I only knew what books our guest  had read, by the way, by asking. It would probably not have been obvious otherwise. Now that they’ve gone back home, I have simply reset the device (you have to remove the “parental controls” first): Home – Menu – Settings – Menu. I then connected it to our wi-fi again, registered it again, set up the parental controls, and then it’s ready for the next person. Oh, and I’ll charge it…it’s about half way gone, I’d say. Once I went through the set-up, it resumed it’s old name.

Cool! Definitely a good choice to have done…what a nice way to provide books for a guest!

What do you think? What was the best “bookish” thing about your holidays? Is reading a paperbook an anachronistic return to an earlier era, or just as current as an e-book? Did you ever read a book when you were visiting someone else that really impressed you? Feel free to tell me and my readers what you think by commenting on this post.

* I am linking to the same thing at the regular Amazon site, and at AmazonSmile. When you shop at AmazonSmile, half a percent of your purchase price on eligible items goes to a non-profit you choose. It will feel just like shopping at Amazon: you’ll be using your same account. The one thing for you that is different is that you pick a non-profit the first time you go (which you can change whenever you want)…and the good feeling you’ll get. :) Shop ’til you help! :) 

** What you are actually buying is a license to read the book. For more information, see my post,  How an e-book is like a treadmill at the gym

This post by Bufo Calvin originally appeared in the I Love My Kindle blog. To support this or other blogs/organizations, buy  Amazon Gift Cards from a link on the site, then use those to buy your items. There will be no cost to you, and a benefit to them.

Eight of our Kindles stolen

October 28, 2013

Eight of our Kindles stolen

I came home from work today, and on entering the house, I could see things were awry.

There were things on the floor that should be there…including a “letter sorter” that held some of our Kindles: it was empty.

I went back out (not touching anything, except to re-lock the front door…I had unlocked it, and there was an stuck in it when I got there, so I knew they hadn’t gone in that way), called my Significant Other, who called the police.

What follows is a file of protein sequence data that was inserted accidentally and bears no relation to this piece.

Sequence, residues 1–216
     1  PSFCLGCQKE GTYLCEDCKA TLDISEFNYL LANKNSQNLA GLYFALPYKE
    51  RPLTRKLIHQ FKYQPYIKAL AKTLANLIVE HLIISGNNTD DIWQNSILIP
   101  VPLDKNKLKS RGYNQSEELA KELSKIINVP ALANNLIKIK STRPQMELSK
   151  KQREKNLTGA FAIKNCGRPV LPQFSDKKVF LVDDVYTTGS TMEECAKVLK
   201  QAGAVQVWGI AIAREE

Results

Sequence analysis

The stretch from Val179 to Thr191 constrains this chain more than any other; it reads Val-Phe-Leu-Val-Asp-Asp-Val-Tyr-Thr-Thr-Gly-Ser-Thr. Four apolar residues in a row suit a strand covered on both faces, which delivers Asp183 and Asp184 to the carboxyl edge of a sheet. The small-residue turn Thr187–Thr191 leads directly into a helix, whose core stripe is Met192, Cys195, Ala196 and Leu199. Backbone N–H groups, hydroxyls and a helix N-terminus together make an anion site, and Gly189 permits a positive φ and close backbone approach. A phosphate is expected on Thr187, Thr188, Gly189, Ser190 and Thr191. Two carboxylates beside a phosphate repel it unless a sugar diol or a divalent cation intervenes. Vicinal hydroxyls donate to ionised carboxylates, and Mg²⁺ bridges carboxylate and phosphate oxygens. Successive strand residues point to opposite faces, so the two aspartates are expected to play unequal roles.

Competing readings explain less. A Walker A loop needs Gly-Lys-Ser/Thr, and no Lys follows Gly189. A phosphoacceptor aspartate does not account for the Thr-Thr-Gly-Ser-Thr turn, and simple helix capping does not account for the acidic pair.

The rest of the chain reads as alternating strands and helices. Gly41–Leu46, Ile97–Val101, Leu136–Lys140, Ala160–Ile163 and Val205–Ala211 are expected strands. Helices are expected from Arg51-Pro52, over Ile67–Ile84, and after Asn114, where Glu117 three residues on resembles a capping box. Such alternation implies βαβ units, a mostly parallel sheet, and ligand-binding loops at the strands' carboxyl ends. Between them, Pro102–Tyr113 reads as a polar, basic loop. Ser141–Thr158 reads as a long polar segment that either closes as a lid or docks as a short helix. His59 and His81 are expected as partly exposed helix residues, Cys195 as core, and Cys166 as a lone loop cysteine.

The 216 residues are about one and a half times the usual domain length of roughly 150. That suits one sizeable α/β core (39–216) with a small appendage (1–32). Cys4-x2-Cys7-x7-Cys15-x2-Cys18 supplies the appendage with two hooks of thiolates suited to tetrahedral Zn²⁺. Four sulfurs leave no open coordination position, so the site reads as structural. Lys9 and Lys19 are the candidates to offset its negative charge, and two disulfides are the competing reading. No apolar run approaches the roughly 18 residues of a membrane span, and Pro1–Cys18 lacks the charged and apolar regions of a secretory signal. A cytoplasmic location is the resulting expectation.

The house was tossed, but not vandalized. They didn’t take a lot of stuff (like this desktop computer), or the TVs.

They did, however, take eight of our Kindles (including three Kindle Fires).

We were only using two of those actively: PowPow (Kindle Paperwhite 2) and Vulcan (Kindle Fire HDX 8.9″, HDX Display, Wi-Fi & 4G LTE).

Since the Kindle content is backed up at Amazon, that part is not that big a deal.

The most awkward part is going to be missing the Kindle Fire, since that’s how we were watching TV in one room (using the HDMI out…which isn’t available on my Kindle Fire HDX, which I had with me).

We may have to try buying a Miracast “dongle”, although we were hoping to wait to see what Amazon announces (if anything).

So, my process was to contact Kindle Support at

http://www.amazon.com/kindlesupport

I chatted with them, because we were using the phones to call credit card companies (that appears to be what they were trying to find).

It was a little disconcerting, because the person was giving me wrong information:

D—:Hello. My name is D—. I’ll be glad to help you today.
I’m sorry to hear that your Kindle was stolen. Let me take care of this for you.
Me:After you take care of it, will the information still be on the account, so I can report the serial numbers to the police?
D—:Nope. After we have deactivated and deregistered your devices, it can no longer be use by another person l as your account cannot be accessed.
Me:Yes, understood, but will the serial numbers still show in Manage Your Kindle?
D—:Serial number does not show in Manage your Kindle.
Me:It does, actually. I can see it right now.
D—:Only the registered name but not the serial number. May I know the name of the
Kindle I need to deactivate please?
Me:Since I can see those serial numbers, and you think they aren’t there, I think I’d better record them before you do anything. I need that information for the police.

The serial numbers do show. I ended up copying and pasting them for the rep.

After they were deregistered, that information was gone from MYK.

If any of them do show up, we can contact Amazon and re-register.

I did have

Webroot SecureAnywhere Mobile

which allowed me to send a remote lock command, and would have located the device if the web connection was on (it hasn’t been…the last shown location was close enough to our house that that’s where it had been seen).